By  on February 25, 2010

The U.S. wants to use the Trans-Pacific Partnership agreement to streamline regulations and promote supply chain efficiency for U.S. companies in Asia, as well as to provide an opportunity to expand exports, the Obama administration’s top trade official told retailers on Wednesday.

At the Retail Industry Leaders Association annual logistics conference in Orlando, Fla., U.S. Trade Representative Ron Kirk provided additional details about the TPP agreement ahead of negotiations set to begin in March.

“Through the TPP, we are aiming to integrate U.S. companies into emerging trade networks in the Asia-Pacific and promote the development of efficient production and supply chains that include U.S.-based companies like yours,” Kirk told attendees. “We are seeking to enhance transparency so your companies have access to information in TPP markets they need to effectively compete, to improve coherence and coordination of our regulatory regimes so your companies can efficiently compete in markets around the region.”

President Obama indicated in November that his administration would work with Vietnam, Singapore, Australia, Peru, Brunei Darussalam, New Zealand and Chile to shape a broader agreement out of the existing TPP free trade area. Kirk formally initiated the process on Dec. 14.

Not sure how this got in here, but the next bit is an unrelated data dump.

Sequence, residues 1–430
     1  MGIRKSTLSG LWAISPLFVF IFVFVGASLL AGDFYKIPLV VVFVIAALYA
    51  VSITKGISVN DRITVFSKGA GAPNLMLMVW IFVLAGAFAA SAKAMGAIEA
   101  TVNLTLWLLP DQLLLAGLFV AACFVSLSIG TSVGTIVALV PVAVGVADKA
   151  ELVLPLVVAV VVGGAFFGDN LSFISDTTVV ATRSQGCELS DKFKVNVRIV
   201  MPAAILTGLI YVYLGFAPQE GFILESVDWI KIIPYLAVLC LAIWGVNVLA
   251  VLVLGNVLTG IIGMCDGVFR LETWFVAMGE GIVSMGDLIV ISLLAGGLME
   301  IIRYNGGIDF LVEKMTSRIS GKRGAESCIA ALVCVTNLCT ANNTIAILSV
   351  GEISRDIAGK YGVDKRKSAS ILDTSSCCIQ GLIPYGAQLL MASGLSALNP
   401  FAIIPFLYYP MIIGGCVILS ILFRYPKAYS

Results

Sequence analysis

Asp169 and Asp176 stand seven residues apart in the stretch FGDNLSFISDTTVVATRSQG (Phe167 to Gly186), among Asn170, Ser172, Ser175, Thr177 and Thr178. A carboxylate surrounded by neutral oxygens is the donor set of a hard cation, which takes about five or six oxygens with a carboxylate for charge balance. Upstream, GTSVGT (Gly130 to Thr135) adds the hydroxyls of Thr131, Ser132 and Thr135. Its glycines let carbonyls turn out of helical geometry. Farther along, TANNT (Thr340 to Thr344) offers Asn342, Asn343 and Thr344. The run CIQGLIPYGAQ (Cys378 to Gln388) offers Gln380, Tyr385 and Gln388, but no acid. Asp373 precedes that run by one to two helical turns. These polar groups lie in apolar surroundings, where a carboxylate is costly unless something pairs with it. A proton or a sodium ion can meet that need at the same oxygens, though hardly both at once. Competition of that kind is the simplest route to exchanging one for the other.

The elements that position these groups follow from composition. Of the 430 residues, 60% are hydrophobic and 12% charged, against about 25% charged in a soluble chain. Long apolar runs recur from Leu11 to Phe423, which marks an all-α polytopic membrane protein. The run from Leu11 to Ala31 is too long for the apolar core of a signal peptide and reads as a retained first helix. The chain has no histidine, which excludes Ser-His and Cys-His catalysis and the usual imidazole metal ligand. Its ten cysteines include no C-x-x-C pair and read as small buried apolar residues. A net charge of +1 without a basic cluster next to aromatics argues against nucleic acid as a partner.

The USTR drove home “the budding importance for retail in the global marketplace,” said Sandy Kennedy, president of RILA.

Industry opposition to the TPP centers on the inclusion of Vietnam. Domestic textile groups have called the prospect of a trade agreement with Vietnam a nonmarket economy that has seen textile and apparel exports surge in recent years, a catastrophic mistake. In a separate speech Wednesday, Obama said the TPP was launched to strengthen U.S. trade relations with Asia as the world’s fastest-growing market. If the U.S. “sits on the sidelines while other nations sign trade deals, we will lose the chance to create jobs on our shores,” he said.

Obama also indicated the administration will continue its efforts to resolve outstanding issues in pending trade agreements with South Korea, Panama and Colombia.

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